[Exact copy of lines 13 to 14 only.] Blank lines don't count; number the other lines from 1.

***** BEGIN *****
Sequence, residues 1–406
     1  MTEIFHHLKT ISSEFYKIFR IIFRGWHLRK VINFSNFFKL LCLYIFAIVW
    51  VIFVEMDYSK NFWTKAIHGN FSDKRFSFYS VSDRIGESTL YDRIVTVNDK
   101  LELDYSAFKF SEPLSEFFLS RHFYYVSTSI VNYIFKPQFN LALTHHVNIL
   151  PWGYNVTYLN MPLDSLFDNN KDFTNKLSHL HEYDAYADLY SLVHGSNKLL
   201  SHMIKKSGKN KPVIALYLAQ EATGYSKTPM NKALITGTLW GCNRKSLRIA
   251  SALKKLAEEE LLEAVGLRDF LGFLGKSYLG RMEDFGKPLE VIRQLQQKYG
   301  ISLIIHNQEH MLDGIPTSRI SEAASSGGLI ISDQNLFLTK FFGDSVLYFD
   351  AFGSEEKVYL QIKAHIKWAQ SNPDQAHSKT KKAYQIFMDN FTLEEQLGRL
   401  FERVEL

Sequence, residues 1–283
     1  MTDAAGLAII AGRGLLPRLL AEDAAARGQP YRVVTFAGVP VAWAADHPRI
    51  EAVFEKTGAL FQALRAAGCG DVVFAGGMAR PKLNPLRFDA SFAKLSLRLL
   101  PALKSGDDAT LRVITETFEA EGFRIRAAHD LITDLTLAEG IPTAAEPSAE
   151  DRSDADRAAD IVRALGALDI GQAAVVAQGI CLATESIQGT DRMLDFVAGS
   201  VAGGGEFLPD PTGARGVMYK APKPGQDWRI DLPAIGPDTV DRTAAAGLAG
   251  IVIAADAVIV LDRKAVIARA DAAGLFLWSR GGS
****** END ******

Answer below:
    51  EAVFEKTGAL FQALRAAGCG DVVFAGGMAR PKLNPLRFDA SFAKLSLRLL
   101  PALKSGDDAT LRVITETFEA EGFRIRAAHD LITDLTLAEG IPTAAEPSAE